Banks and financial institutions are exposed to exemplary methods of money laundering activities and risks because they offer their services to wide range of customers, who may be from diversified back grounds and jurisdictions. Banks and Financial Institutions are attracted by the money launderers because they find it easier to hide, use or transfer their black money.
Money laundering may be committed by anyone including the senior management or employees of the organization, customers, other stakeholders, general public or declared criminals. Usually, money laundering is performed by organized criminals to hide the illegal money or support other criminals. Money launderers approach banks to inject and transfer their illegal funds, causing the banks to process the transactions.
As banks are aware of the time and resources required to combat laundering activities in traditional banking, they oversee investments in these areas diligently. However, the loopholes of online banking are often undermined in the banking systems of many countries. This weakness proves to be a thriving ground for criminals who make use of these loose standards for money laundering and terror financing purposes.
Exemplary Methods of Money Laundering
Online banking is currently the playground of many fraudsters who are using social engineering methods to access other people’s bank accounts in their favour. For money laundering purposes, a criminal may transfer money directly to such a victim’s account and trick the person into sharing sensitive information such as passwords or into getting remote access to the victim’s computer. Then, the criminal can make an unauthorized payment from the victim’s account.
Using the banking channels and their online banking support, money launderers also utilize these channels for transferring digital currencies. They make payments through their bank accounts and buy or sell the digital currencies. Cryptocurrencies such as bitcoin, due to their inherent anonymity feature, are one the most convenient ways to wash money. These currencies are not connected to a person’s identity and only depend on the private key connected to an account. In addition, individuals, who use digital currencies, do not have to rely on intermediaries for value transfers. Digital currency platforms often do not carry out checks for the source of money, politically exposed persons (PEPs) and sanctions.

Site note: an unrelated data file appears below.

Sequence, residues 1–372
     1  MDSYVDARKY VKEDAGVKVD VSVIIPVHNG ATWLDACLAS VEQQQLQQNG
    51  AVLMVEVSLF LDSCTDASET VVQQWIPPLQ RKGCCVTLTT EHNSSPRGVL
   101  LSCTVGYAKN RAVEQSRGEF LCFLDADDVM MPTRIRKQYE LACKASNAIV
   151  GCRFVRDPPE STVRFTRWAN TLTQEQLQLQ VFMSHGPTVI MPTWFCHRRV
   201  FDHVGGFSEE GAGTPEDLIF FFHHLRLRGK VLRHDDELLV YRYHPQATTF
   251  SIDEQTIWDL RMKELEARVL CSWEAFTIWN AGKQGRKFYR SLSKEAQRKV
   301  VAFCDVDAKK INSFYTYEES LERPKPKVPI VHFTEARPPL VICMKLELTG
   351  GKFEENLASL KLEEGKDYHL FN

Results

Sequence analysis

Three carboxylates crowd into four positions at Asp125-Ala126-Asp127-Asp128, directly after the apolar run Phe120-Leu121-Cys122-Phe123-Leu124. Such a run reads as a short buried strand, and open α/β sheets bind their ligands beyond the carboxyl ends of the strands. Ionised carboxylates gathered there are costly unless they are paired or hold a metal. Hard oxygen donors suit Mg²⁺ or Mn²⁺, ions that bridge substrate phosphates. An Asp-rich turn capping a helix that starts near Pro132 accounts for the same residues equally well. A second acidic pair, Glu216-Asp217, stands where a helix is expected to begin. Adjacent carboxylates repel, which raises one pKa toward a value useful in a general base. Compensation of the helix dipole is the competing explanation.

In other Financial Institutions, such as Money Service Businesses or Remittance Companies, the money launderers approach them and open their accounts for availing the products and services offered by these institutions. Using FIs, the money launderers inject their money through buying the foreign currencies and selling them later to generate more funds, or they may transfer the illegal funds, to another location or country using the remittance methods provided by FI.
Other Financial Institutions like leasing companies, are also used by money launderers where they invest the illegal funds into the assets such as Cars, Property etc. Money transfer and receiving are few of the core objectives of money launderers, regarding the Financial Institutions.
Many regulators have restricted FIs from dealing with cryptocurrency exchanges, and banks have restricted customers transacting in virtual currencies. However, both these transactions are happening in many countries, and there is a mounting risk of financial crimes involved. These modern methods of money laundering and the rising transaction volumes in them are becoming a major headache for regulators across the globe.
Given the complexity involved in their technology and the difficulties in regulating them, many governments have blocked dealings in cryptocurrencies. The regulators are now required to step up their oversight to counter money laundering via these modern methods Holding the general hostility of central banks towards cryptocurrencies apart, some prominent global banks have started active cooperation with cryptocurrencies.
In a June 2021 report, the United States Financial Crimes Enforcement Network (FinCEN) stated that convertible virtual currencies (CVCs), another term for cryptocurrencies have grown to become the currency of choice in a wide range of online illicit activities. CVCs are increasingly being used to layer transactions and obfuscate the origin of money derived from criminal activity, in addition to being the preferred form of payment for purchasing ransomware tools and services, online exploitative material, drugs, and other illegal goods online. Criminals use a variety of cryptocurrency money-laundering techniques, including “mixers” and “tumblers,” which break the connection between an address or crypto wallet, sending cryptocurrency and the address receiving it.